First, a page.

ERIC Number: ED383025
Record Type: RIE
Publication Date: 1995-Apr
Reference Count: N/A
Delta Blues Scholarship and Imperialist Nostalgia.
Nye, William P.
When Delta blues are considered to be "folk music," the genre is inextricably tied to the neocolonial, sharecropping system of cotton production characteristic of the Mississippi Delta region between the Civil War and World War II. "Imperialist nostalgia," then, arises in accounts which pay primary and positive tribute to blues performances emanating from this same postcolonial cultural setting. But most blues performers did not remain in rural Mississippi and probably would not qualify as real authentic folk artists who lived on the land--most escaped the Delta as soon as they could. In William Ferris's ethnographic/folklorist book, "Blues from the Delta," his scholarly descriptions of the people, places, and events comprising his research inadvertently serve to paint an invidious portrait of his respondents as semi-literate, poverty-stricken folk musicians and communal associates. He places the Delta blues so deeply into cultural context that the impression is created that the music cannot exist without the culture. In this type of research the music is never actually heard, but lyrics are quoted, photographs of the musicians are seen, and letters they wrote are reproduced. How can imperialist nostalgia be avoided in studies of the Delta blues? Richard Wright, in a foreword to another scholarly study of the blues, called them "fantastically paradoxical," and this may have to serve until further notice. (Contains 12 references.) (NKA)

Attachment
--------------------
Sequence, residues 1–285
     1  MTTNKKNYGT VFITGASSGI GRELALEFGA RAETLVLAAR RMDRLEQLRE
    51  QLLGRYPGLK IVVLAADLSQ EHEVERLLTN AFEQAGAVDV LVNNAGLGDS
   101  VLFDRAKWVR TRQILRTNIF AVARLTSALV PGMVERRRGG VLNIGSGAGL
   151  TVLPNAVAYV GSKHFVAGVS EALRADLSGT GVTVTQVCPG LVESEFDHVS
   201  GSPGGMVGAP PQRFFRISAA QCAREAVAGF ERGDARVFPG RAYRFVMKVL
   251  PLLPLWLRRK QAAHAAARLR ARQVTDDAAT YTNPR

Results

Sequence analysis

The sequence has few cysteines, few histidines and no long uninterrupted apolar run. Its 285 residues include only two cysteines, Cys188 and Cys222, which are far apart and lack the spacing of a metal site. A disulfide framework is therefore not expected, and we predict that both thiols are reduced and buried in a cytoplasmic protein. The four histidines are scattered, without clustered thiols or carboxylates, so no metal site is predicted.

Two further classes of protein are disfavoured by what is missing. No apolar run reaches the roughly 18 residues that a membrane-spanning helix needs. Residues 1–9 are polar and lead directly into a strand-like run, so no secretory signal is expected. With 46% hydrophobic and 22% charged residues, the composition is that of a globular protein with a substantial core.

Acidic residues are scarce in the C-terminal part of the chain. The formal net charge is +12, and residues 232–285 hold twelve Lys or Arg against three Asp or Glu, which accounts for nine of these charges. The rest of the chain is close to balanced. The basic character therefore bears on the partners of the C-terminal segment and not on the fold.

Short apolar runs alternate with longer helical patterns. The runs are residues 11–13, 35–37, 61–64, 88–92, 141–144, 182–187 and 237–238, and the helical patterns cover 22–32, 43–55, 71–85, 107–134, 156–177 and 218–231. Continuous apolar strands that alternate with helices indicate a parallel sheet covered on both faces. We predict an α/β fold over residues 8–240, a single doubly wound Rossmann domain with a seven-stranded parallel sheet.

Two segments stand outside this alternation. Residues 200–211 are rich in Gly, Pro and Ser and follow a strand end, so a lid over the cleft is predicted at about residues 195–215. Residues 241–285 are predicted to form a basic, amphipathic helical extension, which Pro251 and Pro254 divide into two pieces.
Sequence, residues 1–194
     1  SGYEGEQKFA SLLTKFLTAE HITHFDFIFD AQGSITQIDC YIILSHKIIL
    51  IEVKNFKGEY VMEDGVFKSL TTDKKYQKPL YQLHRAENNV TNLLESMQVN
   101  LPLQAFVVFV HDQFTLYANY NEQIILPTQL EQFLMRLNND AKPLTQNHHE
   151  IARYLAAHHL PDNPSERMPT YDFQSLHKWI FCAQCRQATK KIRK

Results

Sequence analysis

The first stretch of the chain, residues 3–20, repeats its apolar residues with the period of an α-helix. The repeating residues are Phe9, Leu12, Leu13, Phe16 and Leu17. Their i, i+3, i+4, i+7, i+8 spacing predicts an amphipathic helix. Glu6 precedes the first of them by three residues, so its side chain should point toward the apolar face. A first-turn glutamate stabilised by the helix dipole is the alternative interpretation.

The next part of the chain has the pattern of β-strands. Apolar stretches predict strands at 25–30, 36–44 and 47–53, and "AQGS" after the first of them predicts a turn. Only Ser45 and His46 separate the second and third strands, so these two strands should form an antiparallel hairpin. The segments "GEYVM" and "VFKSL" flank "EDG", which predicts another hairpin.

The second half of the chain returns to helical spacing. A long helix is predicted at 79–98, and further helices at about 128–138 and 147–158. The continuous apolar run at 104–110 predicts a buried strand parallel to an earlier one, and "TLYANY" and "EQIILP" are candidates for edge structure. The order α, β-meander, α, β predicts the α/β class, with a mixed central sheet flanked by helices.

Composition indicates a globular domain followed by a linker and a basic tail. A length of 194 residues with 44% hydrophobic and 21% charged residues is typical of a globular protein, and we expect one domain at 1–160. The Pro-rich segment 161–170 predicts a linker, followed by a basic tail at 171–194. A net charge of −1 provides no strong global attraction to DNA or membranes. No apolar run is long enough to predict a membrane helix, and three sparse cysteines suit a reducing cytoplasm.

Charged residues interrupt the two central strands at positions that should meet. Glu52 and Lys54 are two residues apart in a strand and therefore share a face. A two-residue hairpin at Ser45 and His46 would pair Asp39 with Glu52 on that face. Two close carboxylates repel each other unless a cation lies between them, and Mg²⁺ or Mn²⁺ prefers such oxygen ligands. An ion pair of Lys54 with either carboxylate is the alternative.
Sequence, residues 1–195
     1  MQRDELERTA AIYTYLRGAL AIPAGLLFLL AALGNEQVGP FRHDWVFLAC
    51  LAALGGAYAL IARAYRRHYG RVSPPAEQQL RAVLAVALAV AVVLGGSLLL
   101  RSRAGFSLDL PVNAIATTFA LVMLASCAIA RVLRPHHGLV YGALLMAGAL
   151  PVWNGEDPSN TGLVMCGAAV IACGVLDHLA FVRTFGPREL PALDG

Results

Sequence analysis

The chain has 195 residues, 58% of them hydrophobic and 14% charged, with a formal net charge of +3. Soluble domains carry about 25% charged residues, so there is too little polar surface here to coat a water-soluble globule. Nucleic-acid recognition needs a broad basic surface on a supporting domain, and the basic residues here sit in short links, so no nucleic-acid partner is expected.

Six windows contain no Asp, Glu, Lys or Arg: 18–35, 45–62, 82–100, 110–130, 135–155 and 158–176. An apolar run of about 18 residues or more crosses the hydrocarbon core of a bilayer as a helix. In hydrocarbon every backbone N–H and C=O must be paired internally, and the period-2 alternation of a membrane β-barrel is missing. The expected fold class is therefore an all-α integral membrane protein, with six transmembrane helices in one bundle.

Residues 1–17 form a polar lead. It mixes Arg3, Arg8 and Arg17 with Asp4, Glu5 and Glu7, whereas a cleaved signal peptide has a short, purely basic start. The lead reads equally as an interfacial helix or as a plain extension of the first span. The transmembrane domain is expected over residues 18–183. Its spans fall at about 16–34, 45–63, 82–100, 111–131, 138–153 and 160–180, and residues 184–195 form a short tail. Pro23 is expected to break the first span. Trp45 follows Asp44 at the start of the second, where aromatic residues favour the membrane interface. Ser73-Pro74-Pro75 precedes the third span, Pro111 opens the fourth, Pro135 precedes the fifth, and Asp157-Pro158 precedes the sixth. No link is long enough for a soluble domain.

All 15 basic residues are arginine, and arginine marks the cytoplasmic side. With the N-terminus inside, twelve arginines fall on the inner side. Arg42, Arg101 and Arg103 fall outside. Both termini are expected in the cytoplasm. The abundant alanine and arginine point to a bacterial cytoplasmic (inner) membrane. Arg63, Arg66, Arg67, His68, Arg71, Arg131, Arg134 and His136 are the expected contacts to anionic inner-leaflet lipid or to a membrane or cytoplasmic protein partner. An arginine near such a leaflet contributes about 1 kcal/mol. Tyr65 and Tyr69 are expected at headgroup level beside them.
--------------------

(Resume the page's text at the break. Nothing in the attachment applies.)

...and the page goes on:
Publication Type: Speeches/Meeting Papers; Opinion Papers
Education Level: N/A
Authoring Institution: N/A
Identifiers: African Americans; Blues Music; Cultural Studies; Historical Background; Lyrics; Mississippi Delta; Nostalgia
Note: Paper presented at the Annual Joint Meetings of the Popular Culture Association/American Culture Association (Philadelphia, PA, April 12-15, 1995).